The quick and versatile bean burger technique [Vegan cooking]

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Summary: Bean based burgers are actually kind of easy to make and have lots of room for modification. This adapted recipe [based initially off of one from Veganomicon] works well with many types of beans and many types of flavor combinations.

BLOT: (22 Mar 2014 - 11:20:42 PM)

The quick and versatile bean burger technique [Vegan cooking]

The initial version of these came from Veganomicon, an overall great cookbook even if you don't care about the dietary choices. On page 98, they have a Black Bean Burger recipe. It is good, though it could be spicier, and we've had it before and enjoyed it. However, I realized that it was just a specific instance of a overall type of recipe. I've played with a few variations and have come up with a a more generalized class. I'll go for the quickest way, but there are lots of ways to tweak.

The basic set of ingredients [See notes a paragraph or two down]:

Drain the beans, but retain the liquid. Put beans in food processor along with other bits and 1/4 cup of the liquid from the can. Blend until mixed and anywhere from smooth [-ish, since beans tend to be fine-chunky at best] to chunky. Add in seasoning to taste. Put this in a bowl. Mix in gluten and filler. Stir a bit and then get your hands in and knead it for a good five or so minutes. Add in some more retained bean-water if you need to moisten or more filler if over moist. For lack of better descriptor, it will be about the consistency of soft play dough and not unduly wet to the touch [though just a tad moist].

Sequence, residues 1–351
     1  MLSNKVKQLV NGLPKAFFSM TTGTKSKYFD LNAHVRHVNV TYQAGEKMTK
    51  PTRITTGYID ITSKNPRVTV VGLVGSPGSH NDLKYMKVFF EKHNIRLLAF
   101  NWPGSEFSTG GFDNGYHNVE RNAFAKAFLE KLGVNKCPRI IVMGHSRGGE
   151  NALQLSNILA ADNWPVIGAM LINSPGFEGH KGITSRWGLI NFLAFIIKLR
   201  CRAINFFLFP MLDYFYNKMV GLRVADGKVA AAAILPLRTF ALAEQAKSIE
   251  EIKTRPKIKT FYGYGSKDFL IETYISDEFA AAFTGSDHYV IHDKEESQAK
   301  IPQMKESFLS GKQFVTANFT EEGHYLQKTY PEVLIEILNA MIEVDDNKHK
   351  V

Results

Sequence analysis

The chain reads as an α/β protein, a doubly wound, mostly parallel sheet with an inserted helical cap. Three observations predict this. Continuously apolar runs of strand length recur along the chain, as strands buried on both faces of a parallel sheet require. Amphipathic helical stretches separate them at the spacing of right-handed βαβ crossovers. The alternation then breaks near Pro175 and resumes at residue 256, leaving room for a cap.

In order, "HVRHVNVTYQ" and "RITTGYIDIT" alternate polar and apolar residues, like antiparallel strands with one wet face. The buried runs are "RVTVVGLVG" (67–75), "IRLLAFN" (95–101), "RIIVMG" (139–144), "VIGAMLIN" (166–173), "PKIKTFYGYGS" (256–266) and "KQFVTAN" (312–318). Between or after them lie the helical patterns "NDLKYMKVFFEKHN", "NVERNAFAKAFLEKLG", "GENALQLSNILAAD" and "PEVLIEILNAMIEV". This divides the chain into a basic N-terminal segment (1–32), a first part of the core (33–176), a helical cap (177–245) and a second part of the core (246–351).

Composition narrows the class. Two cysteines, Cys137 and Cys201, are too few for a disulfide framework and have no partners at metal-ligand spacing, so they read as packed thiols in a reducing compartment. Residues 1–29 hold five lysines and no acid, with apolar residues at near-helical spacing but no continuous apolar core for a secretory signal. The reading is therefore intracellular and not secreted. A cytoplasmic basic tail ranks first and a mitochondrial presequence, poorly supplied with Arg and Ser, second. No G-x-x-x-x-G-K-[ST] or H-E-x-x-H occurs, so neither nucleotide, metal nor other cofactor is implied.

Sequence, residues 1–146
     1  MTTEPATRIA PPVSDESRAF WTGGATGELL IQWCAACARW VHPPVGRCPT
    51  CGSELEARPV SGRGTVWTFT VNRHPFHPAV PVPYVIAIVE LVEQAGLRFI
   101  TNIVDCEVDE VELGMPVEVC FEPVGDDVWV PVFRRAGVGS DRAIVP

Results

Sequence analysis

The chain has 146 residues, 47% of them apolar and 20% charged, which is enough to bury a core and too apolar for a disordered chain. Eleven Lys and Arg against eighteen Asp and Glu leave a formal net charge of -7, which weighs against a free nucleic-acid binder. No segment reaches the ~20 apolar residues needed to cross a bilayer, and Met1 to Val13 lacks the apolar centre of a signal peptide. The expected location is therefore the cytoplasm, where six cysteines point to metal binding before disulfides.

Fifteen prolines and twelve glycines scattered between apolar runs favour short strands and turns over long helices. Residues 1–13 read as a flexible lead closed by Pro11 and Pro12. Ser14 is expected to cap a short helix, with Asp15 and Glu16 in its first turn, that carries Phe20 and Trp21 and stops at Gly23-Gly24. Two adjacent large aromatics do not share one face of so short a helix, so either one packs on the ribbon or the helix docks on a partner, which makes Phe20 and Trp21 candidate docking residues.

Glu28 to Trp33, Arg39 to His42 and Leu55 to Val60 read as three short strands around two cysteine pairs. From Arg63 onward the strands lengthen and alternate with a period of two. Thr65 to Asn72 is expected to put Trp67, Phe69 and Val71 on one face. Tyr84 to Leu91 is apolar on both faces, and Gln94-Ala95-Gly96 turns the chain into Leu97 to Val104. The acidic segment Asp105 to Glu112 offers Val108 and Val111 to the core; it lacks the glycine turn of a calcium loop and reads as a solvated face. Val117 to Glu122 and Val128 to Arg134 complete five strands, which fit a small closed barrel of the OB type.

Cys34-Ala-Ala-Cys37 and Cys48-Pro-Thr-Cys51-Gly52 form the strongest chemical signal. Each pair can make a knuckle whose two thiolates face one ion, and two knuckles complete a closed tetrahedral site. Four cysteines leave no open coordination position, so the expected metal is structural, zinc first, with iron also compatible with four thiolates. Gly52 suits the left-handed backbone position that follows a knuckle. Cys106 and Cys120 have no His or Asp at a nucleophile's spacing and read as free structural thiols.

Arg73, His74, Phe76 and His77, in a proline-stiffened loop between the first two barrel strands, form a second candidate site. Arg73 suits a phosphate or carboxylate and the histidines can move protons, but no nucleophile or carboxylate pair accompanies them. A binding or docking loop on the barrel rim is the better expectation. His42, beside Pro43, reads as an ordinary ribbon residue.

Now, the notes for the above ingredients:

  1. You do not have to use a can. You can boil beans from dry and just use about two cups.
  2. There are potentially types that will not work but most standard beans will. I have tried it with black beans, lentils, and chickpeas.
  3. The "filler" can be any sort of starch type food that is absorbent and with a flavor pattern that will mix. I like potato flakes. The original recipe uses bread crumbs. You can also use corn meal, chickpea flour [also works, but makes a slightly stickier mix], panko, and so on.
  4. Seasoning amounts will vary between batches and between people, but about three teaspoons of total seasoning seems to work alright, though you can go higher or lower than that. Just remember, as you taste it in the processing stage, the beans will taste over-spiced in order for you to have a good blend at the end.
  5. The original recipe had half a small onion and a tablespoon [I think] of ketchup. I'd say you can push it up to about a cup or two cups of "other" [examples include spinach, mushroom, nuts, chopped vegetables, etc] before you start to break the recipe. I like a full cup of onion with another cup of whatever else feels like a good secondary mix to the bean. The ketchup is up to you, but it does work.

Now you have your "loaf", cut it up into four, five, or six equal parts. Take each equal part and roll it and knead it together for a moment and shape into a patty. At four, the above recipe makes kind of thick and big patties. At six, it makes kind of small ones. They store fairly well, though, once you cook them.

Fry in light oil. Baking would possibly work, but the frying does not take very much oil at all. You have to be kind of gentle with them. They do not fall apart, per se, but they do remain on the softer side. Flip every few minutes. Let a bit of a browning occur and then get the middle good and warm. When done, they will be kind of structurally strong, but soft in the middle. If you are a mouth-feel fiend, then maybe add some chopped mushroom or TVP or chopped nuts in after the processing stage so there is more texture in the mix.

And that's it. About ten minutes to prepare, about ten [or more, depending on heat and such] to cook.

This is what I used to make some this afternoon (ingredients pictured above):

Then just did as above and they were good. In hindsight, should have added a pinch more salt, some pepper, maybe some more curry powder, and a dash of lemon juice to spruce up the chickpea. They are very filling, more so than some of the pre-packaged veggie burgers, and can stick with you for a bit.

Up next, will probably try pinto burgers with maybe a good hot salsa motif.



Written by Doug Bolden

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